We make it to the end & I want good, reasonable, uncrowded and UNpretentious. Yeah in the West Village. My food czar friend suggests Moustache. A perfect ending to a perfect evening. It was circulating enough inside that we weren't hot, it wasn't hipster central and I wasn't breathing in some bridge & tunnel douchebag's Axe body spray fumes. Everything was terrific, from the lamb pitza - even the baba was really smoky and creamy. That was the moment, the only one in awhile, where I missed living in NYC.
Then the next morning was a zillion degrees and I was thrilled to be going home again!
Wednesday, August 5, 2009
Landed back in SF after taking Love Humiliation & Karaoke to NYC and have spent the last few days just breast stroking back to a normal life. But I've been asked a zillion times "How was NYC" and there isn't really a sound byte answer.
The short is - it was an amazing experience. I really struggled not to go with a set expectation of how it would go. It was unpredictable. As previously mentioned, we had sound issues right off the bat the day we arrived for our tech (by sound issues I mean the issue of having no sound - in a show with more than a dozen sound cues, most of which are SONGS - none of the CDs or backup CDs worked and we wound up playing the cues through our iPhones!!) There would later be a lighting issue (the light burnt out 10 mins b4 curtain and we needed to rearrange several things stage right so when the lights for each episode came up I wasn't off in the dark somewhere).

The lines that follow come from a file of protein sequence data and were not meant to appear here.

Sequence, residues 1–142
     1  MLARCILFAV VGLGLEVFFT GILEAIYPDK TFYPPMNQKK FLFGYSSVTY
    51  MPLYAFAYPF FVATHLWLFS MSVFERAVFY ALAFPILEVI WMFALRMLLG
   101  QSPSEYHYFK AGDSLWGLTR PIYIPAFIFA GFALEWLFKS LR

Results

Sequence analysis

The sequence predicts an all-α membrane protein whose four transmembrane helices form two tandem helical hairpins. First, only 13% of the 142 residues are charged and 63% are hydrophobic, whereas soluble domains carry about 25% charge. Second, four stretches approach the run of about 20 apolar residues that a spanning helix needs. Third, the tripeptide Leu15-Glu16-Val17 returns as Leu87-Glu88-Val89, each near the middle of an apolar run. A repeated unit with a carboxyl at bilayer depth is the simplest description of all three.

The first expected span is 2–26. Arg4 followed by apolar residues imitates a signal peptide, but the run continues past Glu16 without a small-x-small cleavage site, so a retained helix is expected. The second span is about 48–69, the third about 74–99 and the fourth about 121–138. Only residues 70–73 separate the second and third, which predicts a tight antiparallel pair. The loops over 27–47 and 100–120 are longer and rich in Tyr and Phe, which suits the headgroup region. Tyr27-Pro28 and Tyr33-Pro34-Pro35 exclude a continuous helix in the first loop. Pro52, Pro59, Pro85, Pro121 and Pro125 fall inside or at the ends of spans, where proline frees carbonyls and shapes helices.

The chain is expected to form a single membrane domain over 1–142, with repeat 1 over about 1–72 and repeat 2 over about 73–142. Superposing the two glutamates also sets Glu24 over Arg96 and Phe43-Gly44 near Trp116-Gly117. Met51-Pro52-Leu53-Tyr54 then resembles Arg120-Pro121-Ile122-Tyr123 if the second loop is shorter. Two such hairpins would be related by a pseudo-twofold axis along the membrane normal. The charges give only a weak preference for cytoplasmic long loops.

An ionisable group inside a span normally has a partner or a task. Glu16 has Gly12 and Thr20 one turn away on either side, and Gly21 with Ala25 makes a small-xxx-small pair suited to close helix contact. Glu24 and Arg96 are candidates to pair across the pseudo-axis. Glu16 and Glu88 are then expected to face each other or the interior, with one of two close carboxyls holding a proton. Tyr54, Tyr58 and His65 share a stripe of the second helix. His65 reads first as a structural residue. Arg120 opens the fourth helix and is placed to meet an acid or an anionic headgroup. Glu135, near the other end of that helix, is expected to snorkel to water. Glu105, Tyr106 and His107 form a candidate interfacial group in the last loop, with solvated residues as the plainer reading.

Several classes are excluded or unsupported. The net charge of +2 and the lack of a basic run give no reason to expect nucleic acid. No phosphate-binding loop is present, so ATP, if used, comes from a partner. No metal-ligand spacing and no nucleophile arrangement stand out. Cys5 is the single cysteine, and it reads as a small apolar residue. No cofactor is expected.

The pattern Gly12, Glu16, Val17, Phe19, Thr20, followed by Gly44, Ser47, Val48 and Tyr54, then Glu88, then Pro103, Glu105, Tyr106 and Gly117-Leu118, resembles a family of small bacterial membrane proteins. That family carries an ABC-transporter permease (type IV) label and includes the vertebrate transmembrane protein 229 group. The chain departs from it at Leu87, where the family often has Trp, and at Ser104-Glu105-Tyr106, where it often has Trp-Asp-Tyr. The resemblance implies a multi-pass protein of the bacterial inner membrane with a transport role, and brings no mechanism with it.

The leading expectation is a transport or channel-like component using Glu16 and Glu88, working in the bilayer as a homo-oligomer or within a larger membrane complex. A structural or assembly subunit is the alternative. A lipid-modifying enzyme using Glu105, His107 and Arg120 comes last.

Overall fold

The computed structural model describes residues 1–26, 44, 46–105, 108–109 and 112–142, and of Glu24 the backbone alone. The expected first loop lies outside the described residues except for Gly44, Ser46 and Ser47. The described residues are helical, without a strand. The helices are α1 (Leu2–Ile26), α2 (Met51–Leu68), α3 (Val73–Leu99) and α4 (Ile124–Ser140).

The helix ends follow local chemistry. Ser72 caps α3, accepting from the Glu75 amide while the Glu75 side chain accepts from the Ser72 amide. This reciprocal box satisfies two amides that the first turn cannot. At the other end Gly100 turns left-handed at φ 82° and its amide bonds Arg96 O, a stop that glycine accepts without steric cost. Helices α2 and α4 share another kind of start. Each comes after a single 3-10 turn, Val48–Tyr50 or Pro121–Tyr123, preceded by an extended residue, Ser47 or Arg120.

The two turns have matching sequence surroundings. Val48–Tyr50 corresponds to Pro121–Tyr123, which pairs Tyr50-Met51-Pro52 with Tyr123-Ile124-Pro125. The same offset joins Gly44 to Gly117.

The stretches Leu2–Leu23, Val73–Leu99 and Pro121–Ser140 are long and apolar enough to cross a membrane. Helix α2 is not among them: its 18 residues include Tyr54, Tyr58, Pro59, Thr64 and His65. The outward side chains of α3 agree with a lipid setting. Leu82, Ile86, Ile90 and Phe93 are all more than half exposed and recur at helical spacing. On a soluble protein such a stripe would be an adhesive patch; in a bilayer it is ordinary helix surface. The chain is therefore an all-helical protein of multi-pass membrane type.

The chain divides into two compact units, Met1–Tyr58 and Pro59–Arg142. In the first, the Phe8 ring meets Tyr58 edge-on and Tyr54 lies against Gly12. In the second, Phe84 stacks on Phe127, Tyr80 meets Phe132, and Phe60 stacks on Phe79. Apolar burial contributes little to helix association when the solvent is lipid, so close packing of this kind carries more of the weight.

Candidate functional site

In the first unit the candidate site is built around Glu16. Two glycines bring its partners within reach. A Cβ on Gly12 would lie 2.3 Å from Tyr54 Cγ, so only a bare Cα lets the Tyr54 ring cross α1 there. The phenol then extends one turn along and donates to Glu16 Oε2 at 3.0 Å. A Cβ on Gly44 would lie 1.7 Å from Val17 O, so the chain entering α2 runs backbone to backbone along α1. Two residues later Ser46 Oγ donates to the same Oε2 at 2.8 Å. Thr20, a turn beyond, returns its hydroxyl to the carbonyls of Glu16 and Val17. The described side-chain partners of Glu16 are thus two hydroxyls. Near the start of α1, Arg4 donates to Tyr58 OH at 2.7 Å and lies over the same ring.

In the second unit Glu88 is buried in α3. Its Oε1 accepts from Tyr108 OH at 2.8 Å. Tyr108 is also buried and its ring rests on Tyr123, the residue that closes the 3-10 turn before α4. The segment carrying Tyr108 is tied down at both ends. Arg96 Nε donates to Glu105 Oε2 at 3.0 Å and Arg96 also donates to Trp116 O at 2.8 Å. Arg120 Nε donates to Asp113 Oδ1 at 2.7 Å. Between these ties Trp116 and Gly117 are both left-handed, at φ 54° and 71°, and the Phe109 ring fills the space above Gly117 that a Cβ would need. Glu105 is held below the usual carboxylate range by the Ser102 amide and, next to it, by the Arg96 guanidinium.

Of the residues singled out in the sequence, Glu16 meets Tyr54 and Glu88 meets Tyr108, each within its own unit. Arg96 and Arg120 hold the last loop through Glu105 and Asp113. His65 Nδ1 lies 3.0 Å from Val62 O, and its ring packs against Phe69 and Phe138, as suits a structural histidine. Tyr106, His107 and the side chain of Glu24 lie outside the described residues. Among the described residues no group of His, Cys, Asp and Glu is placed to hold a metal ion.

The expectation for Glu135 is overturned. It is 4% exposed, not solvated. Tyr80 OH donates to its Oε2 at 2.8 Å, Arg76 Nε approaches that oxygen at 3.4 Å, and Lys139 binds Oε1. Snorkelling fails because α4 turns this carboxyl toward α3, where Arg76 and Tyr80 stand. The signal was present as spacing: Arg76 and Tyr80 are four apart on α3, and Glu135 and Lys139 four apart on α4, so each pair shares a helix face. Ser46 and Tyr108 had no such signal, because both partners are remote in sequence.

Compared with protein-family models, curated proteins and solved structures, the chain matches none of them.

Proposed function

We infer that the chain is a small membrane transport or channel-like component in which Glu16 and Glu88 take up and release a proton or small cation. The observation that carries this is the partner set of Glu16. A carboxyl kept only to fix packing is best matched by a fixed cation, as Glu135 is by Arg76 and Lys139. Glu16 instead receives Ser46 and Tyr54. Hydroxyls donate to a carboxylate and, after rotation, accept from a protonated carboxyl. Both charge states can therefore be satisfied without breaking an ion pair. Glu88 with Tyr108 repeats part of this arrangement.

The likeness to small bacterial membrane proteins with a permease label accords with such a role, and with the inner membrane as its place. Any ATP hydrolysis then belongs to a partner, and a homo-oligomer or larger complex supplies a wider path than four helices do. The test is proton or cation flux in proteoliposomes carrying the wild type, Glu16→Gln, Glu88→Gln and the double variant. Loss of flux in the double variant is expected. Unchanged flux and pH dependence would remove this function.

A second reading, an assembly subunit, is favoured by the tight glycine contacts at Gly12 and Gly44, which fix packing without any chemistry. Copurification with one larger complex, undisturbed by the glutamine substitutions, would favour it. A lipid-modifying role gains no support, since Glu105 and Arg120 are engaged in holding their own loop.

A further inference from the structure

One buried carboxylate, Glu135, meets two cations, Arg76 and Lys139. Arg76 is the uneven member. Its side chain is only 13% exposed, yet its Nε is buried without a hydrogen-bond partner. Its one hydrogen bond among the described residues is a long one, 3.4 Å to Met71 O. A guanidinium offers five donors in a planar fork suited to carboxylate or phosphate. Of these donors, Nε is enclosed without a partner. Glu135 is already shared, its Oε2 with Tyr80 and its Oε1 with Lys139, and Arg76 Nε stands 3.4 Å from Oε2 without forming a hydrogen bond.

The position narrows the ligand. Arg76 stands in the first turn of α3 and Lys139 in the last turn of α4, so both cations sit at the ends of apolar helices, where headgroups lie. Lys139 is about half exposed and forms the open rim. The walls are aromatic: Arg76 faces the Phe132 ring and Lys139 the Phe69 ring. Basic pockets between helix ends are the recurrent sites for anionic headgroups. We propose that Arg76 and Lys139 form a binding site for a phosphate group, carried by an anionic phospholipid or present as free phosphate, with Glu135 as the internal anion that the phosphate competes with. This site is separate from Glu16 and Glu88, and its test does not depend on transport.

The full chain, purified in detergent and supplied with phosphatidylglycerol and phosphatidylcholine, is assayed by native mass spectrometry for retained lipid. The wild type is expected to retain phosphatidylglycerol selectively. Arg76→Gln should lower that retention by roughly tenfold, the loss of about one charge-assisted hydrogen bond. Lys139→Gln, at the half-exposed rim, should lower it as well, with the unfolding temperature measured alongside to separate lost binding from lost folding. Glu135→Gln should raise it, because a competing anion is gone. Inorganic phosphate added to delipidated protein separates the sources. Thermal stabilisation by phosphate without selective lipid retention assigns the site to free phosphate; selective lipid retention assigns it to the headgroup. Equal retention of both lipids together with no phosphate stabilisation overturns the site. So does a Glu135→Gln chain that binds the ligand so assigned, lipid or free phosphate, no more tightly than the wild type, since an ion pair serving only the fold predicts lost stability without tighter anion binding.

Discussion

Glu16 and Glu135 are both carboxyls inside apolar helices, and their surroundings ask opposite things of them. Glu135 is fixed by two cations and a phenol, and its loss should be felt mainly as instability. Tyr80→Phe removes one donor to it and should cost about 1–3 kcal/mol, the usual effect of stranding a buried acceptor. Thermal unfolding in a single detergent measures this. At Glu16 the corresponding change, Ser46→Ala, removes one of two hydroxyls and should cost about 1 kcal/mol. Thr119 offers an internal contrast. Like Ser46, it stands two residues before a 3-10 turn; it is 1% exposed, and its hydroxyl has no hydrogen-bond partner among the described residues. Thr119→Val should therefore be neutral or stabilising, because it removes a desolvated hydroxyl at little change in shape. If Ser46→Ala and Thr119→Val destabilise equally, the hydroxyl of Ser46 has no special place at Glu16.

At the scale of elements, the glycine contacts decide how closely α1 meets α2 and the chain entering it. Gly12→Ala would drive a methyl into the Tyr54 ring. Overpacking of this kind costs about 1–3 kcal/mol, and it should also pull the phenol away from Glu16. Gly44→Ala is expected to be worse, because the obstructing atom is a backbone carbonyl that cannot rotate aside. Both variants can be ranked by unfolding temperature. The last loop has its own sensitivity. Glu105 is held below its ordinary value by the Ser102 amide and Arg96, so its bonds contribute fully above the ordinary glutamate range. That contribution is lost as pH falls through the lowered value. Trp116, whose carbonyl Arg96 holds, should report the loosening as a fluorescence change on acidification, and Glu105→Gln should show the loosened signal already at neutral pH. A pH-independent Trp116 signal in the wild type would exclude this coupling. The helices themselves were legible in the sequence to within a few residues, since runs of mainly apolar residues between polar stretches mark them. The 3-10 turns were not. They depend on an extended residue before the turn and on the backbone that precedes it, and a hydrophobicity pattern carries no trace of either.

I held my own in NYC and I'm damn proud of that - I wasn't sure whether I would - I only know I love doing what I do and that I'm really dedicated to getting this kind of story out there. But as far as "setting NYC on fire" or getting "contract offers" - (please you guys asked! somebody's been watching a little too much Entourage lately?) Those Lana Turner moments can happen in places like NYC and LA, which is what i think brings out the worst in performers via anxieties. I'm so grateful this is happening later in life, when I'm grounded enough to know all that matters at the end of the day is how I felt about how I did. And I feel very good. I had a great group of people, support, a great team, who often gave in excess of what I was able to give back.